Austin voters won’t see a proposal to authorize $275 million of general obligation bonds for a light-rail system on the November ballot, Mayor Lee Leffingwell said last week.
The proposal called for the bond proceeds to match $275 million in federal funds to finance the first phase of the light-rail system.
Leffingwell, who supports the plan to build a rail system, said the vote on the rail bonds will have to wait until uncertainty over the level of federal financing is cleared up.
“It’s become increasingly clear to me that some critical components of a successful system remain, at this point, uncomfortably uncertain,” Leffingwell said on his blog.
“In short, the potential for financial strain on Austin taxpayers is deeply worrisome to me,” he said.
The City Council is expected later this month to set a November election for up to $400 million of GO bonds for other civic efforts. Austin can issue that level of new debt without raising the property tax rate.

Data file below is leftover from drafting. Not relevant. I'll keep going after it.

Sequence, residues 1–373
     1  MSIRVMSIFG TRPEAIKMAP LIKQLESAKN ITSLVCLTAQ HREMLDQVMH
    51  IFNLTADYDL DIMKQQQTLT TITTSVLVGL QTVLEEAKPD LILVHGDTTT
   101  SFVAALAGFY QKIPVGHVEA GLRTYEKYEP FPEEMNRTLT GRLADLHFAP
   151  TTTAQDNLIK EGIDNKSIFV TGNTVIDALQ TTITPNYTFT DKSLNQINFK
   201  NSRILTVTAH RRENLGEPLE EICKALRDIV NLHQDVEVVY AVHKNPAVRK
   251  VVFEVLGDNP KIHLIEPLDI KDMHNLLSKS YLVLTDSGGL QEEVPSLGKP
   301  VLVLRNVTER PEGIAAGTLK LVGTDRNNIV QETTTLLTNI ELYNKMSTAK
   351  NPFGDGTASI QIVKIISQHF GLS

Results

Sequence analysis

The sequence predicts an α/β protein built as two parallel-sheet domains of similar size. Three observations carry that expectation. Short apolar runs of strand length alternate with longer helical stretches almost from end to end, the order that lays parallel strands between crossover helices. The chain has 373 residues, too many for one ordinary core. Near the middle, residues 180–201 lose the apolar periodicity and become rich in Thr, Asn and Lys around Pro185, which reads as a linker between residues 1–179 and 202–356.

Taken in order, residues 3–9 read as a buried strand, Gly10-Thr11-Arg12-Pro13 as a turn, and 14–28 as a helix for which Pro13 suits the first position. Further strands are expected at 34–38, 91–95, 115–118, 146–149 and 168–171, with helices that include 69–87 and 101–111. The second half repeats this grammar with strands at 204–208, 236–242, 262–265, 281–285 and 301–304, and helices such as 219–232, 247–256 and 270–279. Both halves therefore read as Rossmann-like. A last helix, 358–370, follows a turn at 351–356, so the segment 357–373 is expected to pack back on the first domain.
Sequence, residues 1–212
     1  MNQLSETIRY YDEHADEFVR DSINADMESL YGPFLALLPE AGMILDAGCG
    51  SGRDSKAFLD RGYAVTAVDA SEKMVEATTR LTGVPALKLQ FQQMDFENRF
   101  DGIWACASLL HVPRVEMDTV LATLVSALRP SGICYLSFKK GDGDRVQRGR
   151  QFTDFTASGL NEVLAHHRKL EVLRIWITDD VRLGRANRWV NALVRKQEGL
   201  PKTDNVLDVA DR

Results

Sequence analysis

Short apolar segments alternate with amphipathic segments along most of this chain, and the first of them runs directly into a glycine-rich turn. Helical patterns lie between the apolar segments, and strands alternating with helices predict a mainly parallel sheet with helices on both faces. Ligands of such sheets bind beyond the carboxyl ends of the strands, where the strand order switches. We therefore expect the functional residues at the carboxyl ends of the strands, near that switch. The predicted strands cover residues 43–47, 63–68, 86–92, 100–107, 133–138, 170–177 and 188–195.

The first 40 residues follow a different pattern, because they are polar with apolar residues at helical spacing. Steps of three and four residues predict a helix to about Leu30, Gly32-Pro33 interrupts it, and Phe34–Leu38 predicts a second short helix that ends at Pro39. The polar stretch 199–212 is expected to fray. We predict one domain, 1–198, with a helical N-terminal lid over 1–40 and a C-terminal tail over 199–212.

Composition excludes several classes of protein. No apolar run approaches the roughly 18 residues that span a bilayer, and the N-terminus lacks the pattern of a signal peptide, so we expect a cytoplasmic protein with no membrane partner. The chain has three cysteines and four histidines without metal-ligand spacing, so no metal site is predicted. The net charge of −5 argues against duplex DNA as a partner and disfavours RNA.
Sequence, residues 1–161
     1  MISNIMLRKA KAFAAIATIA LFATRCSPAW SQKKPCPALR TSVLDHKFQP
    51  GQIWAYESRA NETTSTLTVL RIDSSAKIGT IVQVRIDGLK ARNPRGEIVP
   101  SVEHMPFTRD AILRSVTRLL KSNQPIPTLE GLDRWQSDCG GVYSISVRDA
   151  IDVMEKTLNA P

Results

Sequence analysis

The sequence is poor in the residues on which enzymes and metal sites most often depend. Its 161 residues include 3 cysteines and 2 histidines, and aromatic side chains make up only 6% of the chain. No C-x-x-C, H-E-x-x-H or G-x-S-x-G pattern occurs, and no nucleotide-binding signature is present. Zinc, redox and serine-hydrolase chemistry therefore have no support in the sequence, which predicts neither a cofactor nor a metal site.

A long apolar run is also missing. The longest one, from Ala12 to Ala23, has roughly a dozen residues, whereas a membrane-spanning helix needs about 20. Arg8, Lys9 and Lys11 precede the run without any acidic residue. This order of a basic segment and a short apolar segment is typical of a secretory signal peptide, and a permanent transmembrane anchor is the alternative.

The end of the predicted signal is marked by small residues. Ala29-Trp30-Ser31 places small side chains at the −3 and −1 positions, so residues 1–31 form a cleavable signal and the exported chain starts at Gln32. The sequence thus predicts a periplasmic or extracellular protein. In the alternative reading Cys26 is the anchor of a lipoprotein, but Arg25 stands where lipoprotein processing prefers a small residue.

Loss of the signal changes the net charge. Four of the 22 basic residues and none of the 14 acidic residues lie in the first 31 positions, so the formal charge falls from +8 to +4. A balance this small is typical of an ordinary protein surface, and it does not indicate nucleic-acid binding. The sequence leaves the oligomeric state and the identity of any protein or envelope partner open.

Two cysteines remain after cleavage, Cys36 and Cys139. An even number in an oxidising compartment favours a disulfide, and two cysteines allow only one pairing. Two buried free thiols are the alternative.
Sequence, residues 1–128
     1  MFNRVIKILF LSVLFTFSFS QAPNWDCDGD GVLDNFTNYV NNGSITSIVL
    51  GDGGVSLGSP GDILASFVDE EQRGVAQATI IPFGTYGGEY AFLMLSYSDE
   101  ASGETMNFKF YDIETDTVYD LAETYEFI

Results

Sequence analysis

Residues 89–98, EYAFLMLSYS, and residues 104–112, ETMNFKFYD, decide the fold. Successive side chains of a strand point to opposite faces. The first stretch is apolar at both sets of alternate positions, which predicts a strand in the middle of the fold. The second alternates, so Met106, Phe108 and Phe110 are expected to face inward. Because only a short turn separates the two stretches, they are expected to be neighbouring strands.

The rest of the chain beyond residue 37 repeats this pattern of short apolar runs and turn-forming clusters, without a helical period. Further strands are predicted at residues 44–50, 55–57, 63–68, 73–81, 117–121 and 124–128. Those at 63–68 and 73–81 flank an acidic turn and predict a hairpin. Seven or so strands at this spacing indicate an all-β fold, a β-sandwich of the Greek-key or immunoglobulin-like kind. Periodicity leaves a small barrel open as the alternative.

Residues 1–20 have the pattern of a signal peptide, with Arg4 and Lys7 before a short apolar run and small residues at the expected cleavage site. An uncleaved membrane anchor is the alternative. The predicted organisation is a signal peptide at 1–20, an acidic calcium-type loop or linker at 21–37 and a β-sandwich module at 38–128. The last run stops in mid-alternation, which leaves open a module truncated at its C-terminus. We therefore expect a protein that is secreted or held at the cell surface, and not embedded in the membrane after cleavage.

Capital Metro, which operates the city’s bus system, said the mayor’s decision to delay the bond election was prudent.
“With only five months away from a November ballot and many other competing priorities, we agree with the decision to allow more time to thoroughly plan and build consensus for an urban rail system that will meet the needs of Austin,” the agency said.
Leffingwell said he is committed to having an operational rail system by 2020.
“By taking these steps, I remain confident that we can and will bring urban rail to a public vote,” he wrote.
Austin’s general obligation debt is rated triple-A by all three rating agencies.